Liviana:

Moving on to Assessment and Testing. I can see there are lots of questions in the chat about how you actually measure things like well-being. We will cover that in the section after this one, so the bit around calculating impact. Just bear with us, we have no intention of ignoring your questions, we will just get to it slightly later.

Assessment and Testing is, once you've done your impact pathways, you need to think about which impacts are you actually going to measure, which ones are relevant and significant. Most of the time, whether it's a client that's come to us with the proposed impact pathway, or one we've come up with, or one that an organisation has come up with themselves. Most of the time, it's unlikely you will have the resources to measure the impact of everything, and it's also possible that some of the impacts are not necessarily worth measuring. So, this is what we are going to talk about now, is how do you make that decision about what is worth measuring and what might be worth measuring at a later point, or not worth measuring at all. So, we’re going to go back to Slido and start with a question, which is “Which of these issues, do you think, has the greatest impact?” I am conscious that it's unlikely you will have all quantified all of these issues, just based on what you think have got the greatest impact. These are the results coming in. The strong front run there around plastic pollution. Awesome, we’ve got plastic pollution in the lead, followed by press censorship and animal rights.

Now another question for you, “Which of these is most important to you?” So, to you personally, which of these do you feel most strongly about? The results look slightly different. The point of this exercise is to illustrate that the impact that is greatest in magnitude might not necessarily be the one that your stakeholders consider to be the most important one. I know I personally would probably not answer the same for both questions and it looks like some of you haven't either. What you need to think about is materiality. Materiality essentially is making you think about relevance and significance, so I am going to let Euan go through this in more detail.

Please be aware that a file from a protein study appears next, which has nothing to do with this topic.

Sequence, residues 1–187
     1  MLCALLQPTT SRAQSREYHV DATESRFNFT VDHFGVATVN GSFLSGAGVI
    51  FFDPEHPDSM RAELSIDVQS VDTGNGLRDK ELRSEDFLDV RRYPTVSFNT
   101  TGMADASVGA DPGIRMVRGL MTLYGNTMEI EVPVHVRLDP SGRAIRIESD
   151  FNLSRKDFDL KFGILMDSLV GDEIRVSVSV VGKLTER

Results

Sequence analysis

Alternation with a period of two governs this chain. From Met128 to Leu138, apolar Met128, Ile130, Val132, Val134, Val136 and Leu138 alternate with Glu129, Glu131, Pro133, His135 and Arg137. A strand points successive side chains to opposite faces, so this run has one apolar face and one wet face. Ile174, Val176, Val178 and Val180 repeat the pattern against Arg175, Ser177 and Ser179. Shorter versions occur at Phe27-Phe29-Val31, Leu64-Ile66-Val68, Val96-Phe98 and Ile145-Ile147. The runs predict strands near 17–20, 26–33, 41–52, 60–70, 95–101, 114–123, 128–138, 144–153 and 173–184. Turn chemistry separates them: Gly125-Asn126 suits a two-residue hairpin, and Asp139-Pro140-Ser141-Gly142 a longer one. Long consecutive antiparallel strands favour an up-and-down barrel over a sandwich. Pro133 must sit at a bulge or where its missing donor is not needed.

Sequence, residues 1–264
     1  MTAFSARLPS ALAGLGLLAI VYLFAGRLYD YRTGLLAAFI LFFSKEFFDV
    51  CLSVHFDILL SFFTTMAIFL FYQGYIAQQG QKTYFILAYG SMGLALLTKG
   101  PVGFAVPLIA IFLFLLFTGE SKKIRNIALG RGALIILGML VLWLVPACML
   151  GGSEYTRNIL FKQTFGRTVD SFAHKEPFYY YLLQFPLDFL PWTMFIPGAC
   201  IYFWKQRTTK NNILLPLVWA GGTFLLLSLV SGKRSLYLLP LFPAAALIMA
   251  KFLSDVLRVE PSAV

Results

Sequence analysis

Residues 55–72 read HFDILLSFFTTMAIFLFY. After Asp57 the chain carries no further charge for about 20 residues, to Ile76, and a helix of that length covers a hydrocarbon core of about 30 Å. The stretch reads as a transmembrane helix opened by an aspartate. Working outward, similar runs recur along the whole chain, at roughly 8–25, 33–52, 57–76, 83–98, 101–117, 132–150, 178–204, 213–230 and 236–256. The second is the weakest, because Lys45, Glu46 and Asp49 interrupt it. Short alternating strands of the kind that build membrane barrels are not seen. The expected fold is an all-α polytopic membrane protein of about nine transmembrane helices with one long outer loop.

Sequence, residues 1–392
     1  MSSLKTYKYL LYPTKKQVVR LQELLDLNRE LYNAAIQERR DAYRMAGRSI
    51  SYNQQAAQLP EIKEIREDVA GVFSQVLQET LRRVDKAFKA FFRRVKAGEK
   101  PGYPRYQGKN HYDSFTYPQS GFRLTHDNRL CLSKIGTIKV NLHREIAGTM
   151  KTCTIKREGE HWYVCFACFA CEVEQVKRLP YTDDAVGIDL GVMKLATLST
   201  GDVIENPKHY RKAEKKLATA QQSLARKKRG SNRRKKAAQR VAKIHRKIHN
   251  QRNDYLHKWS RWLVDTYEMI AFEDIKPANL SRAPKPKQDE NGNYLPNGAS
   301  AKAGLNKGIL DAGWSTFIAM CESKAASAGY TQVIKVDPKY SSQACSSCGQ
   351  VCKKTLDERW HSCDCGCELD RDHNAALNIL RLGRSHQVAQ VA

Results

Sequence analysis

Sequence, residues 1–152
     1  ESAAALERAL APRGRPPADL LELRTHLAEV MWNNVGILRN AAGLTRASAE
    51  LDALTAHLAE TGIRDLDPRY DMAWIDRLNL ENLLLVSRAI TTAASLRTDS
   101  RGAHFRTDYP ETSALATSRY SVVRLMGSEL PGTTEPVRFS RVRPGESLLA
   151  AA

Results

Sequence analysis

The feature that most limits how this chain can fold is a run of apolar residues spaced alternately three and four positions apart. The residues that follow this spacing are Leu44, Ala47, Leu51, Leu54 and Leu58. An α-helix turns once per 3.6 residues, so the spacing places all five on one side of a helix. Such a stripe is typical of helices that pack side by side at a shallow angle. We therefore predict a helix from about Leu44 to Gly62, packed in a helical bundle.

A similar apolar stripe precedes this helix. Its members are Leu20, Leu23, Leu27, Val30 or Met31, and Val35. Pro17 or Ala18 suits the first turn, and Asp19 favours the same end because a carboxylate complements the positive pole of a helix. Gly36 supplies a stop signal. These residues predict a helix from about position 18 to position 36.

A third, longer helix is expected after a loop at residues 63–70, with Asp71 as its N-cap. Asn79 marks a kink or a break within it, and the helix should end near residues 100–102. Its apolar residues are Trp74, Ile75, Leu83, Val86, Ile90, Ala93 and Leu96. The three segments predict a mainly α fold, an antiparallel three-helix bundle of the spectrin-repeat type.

Euan:

Thanks. Yeah, that Slido was really interesting how the top result of plastic being the biggest impact was the second, and it got overtaken when it was ‘what was most important to you personally’. So, a great example, thanks for contributing in that.

And those two questions are essentially what we're looking at materiality from those points of view. So, you can see on the y-axis we have relevance. Well, actually let’s start with the x-axis. The x-axis was the first question that you answered, so what's the magnitude of the impact. Then the y-axis, the relevance, that’s the stakeholders’ perception of how important that impact is. As demonstrated just in that quick example, ‘what is the most important to a stakeholder’, does not have to be the biggest impact. I am sure in your own organisations you can think about which impacts you're trying to communicate on, because you know that your stakeholders are interested in those.

So, on the right-hand side what you can see is, the four different health impacts that we talked about briefly earlier from the health organisation. They were reducing lung cancer, reducing COPD, reducing cardiovascular and reducing ADHD. And in reality, organisations do not measure all of their impacts. That's because of a mixture of, we live in a limited world where we don't have all the resources, we don't have all the time and effort that’s required to do comprehensive everything, so we do need to prioritise them. And this organisation chose to take a materiality view on which ones they prioritised.